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This free resource will help you navigate your arts career, no matter where you’re at


Staff member
Mar 20, 2024
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When was the last time you performed a gig, or taught a student how to play that challenging piece they’re working on? When was the last time you practised a scale, or sent an email about your next project?

As arts industry workers, it can feel like we’re constantly on the go. But here’s a question that might yield a more confronting response: When was the last time you stopped, sat down with a cuppa, and spent a decent amount of time just checking in with yourself?

Classical musician and arts industry mentor Susan Eldridge wants you to do exactly that — and she’s written a new guide to help.

Navigate Well, recently released through the Arts Wellbeing Collective, is Susan’s latest project that will give you a gentle nudge in the right direction — that is, the direction you want to take in your arts work. Ideally, that direction will be informed by your wants, needs, and boundaries, and will empower you to start taking control of everything from your schedule to your finances.

The free Navigate Well resource combines career guidance from Susan with interactive elements you can fill out on your own. So take a moment to stop and have a think about what self-care might look like for you within your arts career.

This interview with Susan — founder of Notable Values and author of Navigate Well — might just help you get started.


Susan, your latest project Navigate Well was just released via the Arts Wellbeing Collective. Congratulations! In a nutshell, what is this resource about, and who is it for?

Navigate Well is a guide that has career concepts and tools for people working in the performing arts industry. Imagine if you had me as your expert career coach, but in a written form!

I want to acknowledge that the wonderful team at the Arts Wellbeing Collective has generously supported Navigate Well so it’s available free to everyone.

This resource helps readers navigate their work “at any stage of a performing arts career”. I’m interested to learn how you met the challenge of writing a guide that addresses the needs and situations of such a broad group of people — from performing arts workers who are emerging or established to those who have different paths inside the industry, be it music educator or solo violinist.

That’s such good insight. I often get people saying: ‘How did you know just the right question to ask me?’ And the response is that my work is not giving advice or telling people what to do. It’s the opposite of that. My work is asking really good questions — the kind of question that stops you in your tracks and makes you say: ‘I’ve never been asked that before.’

This guide is a set of questions that steps the reader through their own process of figuring out their why, and then their how. It’s not a guide that tells you what to do, it’s a guide that asks you to identify what matters to you, what you need, and then to write your own journey to get there.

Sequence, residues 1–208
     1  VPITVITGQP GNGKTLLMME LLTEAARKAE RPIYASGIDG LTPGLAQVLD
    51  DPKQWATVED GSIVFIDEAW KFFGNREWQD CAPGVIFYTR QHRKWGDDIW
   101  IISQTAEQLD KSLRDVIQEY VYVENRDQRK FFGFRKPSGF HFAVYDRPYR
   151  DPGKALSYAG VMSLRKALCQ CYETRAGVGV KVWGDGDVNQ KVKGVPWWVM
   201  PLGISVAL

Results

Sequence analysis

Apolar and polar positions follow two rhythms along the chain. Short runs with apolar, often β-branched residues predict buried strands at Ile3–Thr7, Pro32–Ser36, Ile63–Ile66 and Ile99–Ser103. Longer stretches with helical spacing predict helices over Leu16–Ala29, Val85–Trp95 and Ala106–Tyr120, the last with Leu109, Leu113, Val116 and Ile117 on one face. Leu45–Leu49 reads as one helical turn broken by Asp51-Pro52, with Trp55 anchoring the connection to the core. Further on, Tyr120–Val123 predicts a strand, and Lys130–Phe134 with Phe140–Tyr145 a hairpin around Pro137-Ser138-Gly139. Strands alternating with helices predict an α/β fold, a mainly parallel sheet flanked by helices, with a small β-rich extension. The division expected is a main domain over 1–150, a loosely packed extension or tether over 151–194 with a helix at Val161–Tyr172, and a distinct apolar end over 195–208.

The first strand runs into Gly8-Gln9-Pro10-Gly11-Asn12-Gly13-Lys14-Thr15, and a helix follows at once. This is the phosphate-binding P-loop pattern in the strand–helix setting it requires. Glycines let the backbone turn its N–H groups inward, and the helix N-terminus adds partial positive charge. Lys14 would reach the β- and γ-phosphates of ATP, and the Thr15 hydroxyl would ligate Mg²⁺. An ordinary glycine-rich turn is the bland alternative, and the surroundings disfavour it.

It’s written from the perspective of somebody who works in the industry — don’t forget that I’m also a freelance classical musician!

With that in mind, how much of your Navigate Well guide was informed by your own career decisions, and the bold moves you made along the way?

Oh, Steph — so much! Don’t get me wrong, there’s plenty of strategies in there that I’ve learnt the hard way. But I think the biggest part that my personal experience plays in the guide is that we have to build a life and a career based on our values and our needs.

Trying to build a life and career by pleasing others, ignoring our needs, and seeking external validation is the road to mental illness and breakdown.

In case any readers don’t know my backstory, here’s the [low-down] of how I got to here: I had a very challenging time studying music at uni and failed my first attempt. So I ran away — not to the circus! But to a corporate career overseas. I came back to Australia, as a grown-up, and wanted to figure out what had happened to me at uni.

After a lot of inner work, I realised that there was nothing wrong with me. The system was the problem.

So I got to work fixing the systems. The work I do now supports organisations to improve the work culture and training programs for artists.

Thank you for sharing, Susan. Your guide also addresses topics that are hard to talk about — especially surrounding those issues of ignoring needs and pleasing others. One of your Navigate Well sections is called “Know your No”, in which you highlight the value of personal and occupational boundaries — from physical health to morals and scheduling. How would you describe that difficult area for arts workers in a gig economy, when saying “no” can often feel like turning down rent for the week, or closing the door to a future opportunity?

Thanks for picking up on this point, it’s an important one and there are two separate topics in your question. There’s the topic of values, and the separate topic of money.